Starring: Jerry O’Connell, Sydney Tamiia Poitier, Kristian Bruun, John Bourgeois, Brenda Kamino, Denis Akiyama, Joanne Boland, Varun Saranga, Chris Farquhar, Matt Baram
Director: Scott Smith (Eps. 1, 3, 4, 6), James Dunnison (Eps. 2, 5), Gail Harvey (Eps. 7, 9), Rich Newey (Eps. 8, 10)
Writers: Garry Campbell (Eps. 1, 6, 10), Ken Cuperus (Ep. 2), Jenn Engels (Eps. 3, 9), Larry Bambrick (Eps. 4, 7), Wil Zmak (Eps. 5, 8)
Reviewed by Sidney Morgan
This review CONTAINS MINOR SPOILERS.
We live in an age of great television. With more cable network channels and the traditional broadcast television ones, the number of shows vying for viewers has increased. And ways to consume these have changed as well. Quality has improved, providing viewers at home with an excellent series. But there are so many! How does one choose?
From writers to special effects wizards, from actors to cinematographers, they try to make themselves stand out from the rest. The result is a mixed bag, including more graphic and more extreme violence, highly sexualized scenarios, complex plots, and visual feasts. And all genres exhibit this trend, whether it be a comedy, drama, thriller, or even horror. Though it makes for great must-see TV, it also acts as an adrenaline shot on our emotions. We’re either laughing hard, going through tissue boxes crying, sitting on the edge of our seats biting our nails anxiously, or closing our eyes (too late at times) to avoid that fear-inducing scene. It’s an emotional workout, and it can be mentally tiring at times. So when a show like Carter comes along, it really is a nice and welcomed change of pace.
Harley Carter (Jerry O’Connell) is on top of the world. He’s living the Hollywood dream, playing the lead detective in a television show Call Carter. But his popularity and lifestyle lead him to a burnout. The final straw happens while at a red carpet event, where Carter sees the man he suspects is having an affair with his wife and assaults him. Gifted with this show of madness, the paparazzi make sure Carter is front page news. Needing a mental and physical break, and to escape Hollywood, Harley returns to his peaceful hometown of Bishop, located in Northern Ontario. In Canada. And while there, he reconnects with his two childhood friends, as well as his adoptive parents.
Sam (Sydney Tamiia Poitier) is now a detective. Though it’s completely illogical, she lets Harley accompany her to solve crimes. After successfully assisting in one case, the mayor offers him the position of consulting detective, because, you know, he played a detective on television, which is apparently adequate qualification for the job. But Carter and Sam work well together (O’Connell and Poitier exhibit good on-screen chemistry). Of course, the mystery tropes ooze in the show, including the will they, won’t they one.
Carter also gets Dave (Kristian Bruun), who runs a coffee food truck, to help. With Sam having to follow rules, Carter looks to street smart Dave for some of the more questionable activities and someone he can discuss his ideas with. His dry sense of humour is a nice touch too. The three work well together, though it isn’t the first time they do as they solved the disappearance of Carter’s mother when they were teens.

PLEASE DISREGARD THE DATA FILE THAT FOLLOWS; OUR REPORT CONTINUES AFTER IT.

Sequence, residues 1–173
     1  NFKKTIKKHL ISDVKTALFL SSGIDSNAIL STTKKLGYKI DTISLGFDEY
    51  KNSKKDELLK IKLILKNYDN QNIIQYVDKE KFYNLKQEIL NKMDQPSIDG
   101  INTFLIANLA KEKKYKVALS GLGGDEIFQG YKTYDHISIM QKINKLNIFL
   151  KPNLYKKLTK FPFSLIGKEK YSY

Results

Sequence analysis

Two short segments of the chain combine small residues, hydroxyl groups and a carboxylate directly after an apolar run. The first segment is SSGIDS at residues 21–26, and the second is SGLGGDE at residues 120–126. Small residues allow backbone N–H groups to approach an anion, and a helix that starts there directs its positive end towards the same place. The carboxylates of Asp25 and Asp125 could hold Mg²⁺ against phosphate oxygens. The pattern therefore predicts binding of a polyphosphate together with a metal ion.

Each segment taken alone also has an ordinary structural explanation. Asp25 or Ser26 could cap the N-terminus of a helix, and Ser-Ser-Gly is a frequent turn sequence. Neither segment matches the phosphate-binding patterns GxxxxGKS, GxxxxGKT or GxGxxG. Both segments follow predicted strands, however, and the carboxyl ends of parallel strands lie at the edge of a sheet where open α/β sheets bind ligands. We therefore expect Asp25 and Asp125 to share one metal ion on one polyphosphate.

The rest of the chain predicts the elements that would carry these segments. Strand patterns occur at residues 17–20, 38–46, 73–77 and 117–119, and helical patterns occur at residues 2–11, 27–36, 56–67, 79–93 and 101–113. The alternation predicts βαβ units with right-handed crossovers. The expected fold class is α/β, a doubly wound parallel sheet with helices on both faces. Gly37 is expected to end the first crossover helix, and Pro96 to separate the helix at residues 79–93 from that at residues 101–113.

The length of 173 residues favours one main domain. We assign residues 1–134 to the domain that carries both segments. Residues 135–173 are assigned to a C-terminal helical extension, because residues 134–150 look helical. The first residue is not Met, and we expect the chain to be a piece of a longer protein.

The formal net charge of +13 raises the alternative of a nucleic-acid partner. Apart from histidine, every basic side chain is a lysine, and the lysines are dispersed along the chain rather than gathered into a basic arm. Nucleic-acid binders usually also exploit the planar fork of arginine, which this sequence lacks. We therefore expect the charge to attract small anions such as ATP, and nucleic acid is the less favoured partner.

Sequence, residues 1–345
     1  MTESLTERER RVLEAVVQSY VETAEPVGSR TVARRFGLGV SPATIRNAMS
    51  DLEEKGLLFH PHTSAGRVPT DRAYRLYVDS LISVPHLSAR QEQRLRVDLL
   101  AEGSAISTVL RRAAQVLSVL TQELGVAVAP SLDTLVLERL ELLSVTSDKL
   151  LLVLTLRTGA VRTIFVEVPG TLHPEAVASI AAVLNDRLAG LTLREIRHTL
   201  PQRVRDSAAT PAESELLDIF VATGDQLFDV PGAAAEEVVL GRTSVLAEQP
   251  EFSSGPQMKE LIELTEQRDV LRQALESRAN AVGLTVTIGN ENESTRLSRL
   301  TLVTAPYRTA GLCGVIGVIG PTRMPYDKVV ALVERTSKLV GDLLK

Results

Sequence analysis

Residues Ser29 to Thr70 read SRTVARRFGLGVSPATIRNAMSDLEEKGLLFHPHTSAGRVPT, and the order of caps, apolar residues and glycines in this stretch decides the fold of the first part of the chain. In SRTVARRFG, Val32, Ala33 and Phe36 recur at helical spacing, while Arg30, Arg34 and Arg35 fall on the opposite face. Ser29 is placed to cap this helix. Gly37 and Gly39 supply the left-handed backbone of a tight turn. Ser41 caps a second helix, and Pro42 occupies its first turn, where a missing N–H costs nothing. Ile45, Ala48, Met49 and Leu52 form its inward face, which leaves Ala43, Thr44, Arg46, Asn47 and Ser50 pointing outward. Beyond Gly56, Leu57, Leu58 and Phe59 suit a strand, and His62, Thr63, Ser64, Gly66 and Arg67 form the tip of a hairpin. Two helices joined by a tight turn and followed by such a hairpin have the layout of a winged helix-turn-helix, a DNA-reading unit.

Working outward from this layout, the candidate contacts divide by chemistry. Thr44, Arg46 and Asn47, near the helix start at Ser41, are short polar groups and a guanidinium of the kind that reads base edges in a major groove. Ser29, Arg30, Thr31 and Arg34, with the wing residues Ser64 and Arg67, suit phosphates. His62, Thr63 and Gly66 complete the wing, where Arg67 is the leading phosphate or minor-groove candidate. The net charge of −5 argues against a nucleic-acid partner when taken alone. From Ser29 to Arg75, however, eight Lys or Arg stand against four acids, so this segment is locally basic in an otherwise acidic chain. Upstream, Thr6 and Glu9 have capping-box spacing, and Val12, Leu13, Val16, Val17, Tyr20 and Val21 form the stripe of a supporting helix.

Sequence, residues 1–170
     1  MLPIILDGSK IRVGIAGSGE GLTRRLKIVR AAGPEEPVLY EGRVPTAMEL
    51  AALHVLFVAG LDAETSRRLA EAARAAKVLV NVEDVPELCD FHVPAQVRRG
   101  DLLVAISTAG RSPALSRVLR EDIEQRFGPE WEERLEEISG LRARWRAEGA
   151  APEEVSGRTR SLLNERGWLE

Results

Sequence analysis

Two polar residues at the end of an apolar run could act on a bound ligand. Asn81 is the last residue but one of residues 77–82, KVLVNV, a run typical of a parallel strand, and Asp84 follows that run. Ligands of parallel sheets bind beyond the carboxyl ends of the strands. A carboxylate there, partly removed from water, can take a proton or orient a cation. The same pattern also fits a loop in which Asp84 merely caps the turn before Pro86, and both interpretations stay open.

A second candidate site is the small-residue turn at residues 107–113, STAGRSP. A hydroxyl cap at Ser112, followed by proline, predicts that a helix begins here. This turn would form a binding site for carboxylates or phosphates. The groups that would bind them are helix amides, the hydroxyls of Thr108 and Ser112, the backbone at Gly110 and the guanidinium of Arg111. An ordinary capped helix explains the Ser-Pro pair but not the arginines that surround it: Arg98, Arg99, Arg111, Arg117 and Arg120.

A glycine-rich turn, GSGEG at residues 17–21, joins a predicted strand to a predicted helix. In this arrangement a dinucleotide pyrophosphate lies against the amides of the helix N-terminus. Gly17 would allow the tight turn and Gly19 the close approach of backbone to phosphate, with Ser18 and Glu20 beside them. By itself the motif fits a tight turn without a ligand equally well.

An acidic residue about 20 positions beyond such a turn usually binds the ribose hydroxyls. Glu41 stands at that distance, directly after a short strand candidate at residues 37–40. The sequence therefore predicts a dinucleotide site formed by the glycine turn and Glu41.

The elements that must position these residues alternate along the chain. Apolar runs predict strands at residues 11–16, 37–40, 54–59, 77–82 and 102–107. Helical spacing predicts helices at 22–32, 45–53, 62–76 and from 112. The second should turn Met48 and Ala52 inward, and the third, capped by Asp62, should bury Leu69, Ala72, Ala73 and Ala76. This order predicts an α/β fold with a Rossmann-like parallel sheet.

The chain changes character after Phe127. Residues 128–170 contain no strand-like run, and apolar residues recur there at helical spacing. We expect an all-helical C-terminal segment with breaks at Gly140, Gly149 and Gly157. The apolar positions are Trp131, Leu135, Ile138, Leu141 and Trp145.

The supporting cast is good, from Chris Farquhar as Rafalski to Joanne Boland as Nicole. With few scenes, Varun Saranga plays the funny Vijay Gill, the junior agent who’s been tasked to bring back Carter, so that he can honour his contract. Even funnier are Harley’s adoptive parents, Dot (Brenda Kamino) and Koji (Denis Akiyama), who really don’t think much of Carter’s acting abilities and don’t hide those feelings. At all.
For a small northern Canadian town, Bishop seems to have an unusually high number of crimes. Then again, so did Cabot Cove. And the show is self-aware – a murder-mystery show about an actor who played a detective on television is given the position of consulting detective with the local police… Carter does occasionally treat the real cases as one of his television ones, humorously comparing situations, which lead to opportunities for him to be mocked. However, it turns out Carter is actually astute (and really lucky) and has good deductive abilities, using his little grey cells, as that famous Belgian detective Hercule Poirot called them, to solve crimes. Case after case, he proves the naysayers wrong.
Carter is nice. It’s not True Detective or Mindhunters, nor does it aim to be. Like Murder She Wrote, Agatha Raisin and Matlock, Carter entertains and does so lightly. The mysteries are fairly straightforward. Jerry O’Connell is having loads of fun, and it shows. The exuberance he displays is contagious. His charm and his humour make him an asset to the show. The interactions between him, Sydney Tamiia Poitier and Kristian Bruun are natural and make it look as though they’ve been acting together for years. Like Psych, the cases are almost secondary to the relationships. There’s no over the top violence, no intense sexual scenes, nor any complex quasi-impossible-to-solve mysteries, and it’s enjoyable.
With shows that try to top one another with every episode, competing to see who can out-wow the other, Carter stays grounded. And there is a place for this kind of show. It’s like a massage after a stressful week; it feels good. It’s funny, lighthearted and the stories hold up. So if you are looking for a ’90s type murder-mystery show, Carter is it, filling a niche that makes it work.
Carter airs Tuesdays on WGN America and is available online at Bravo.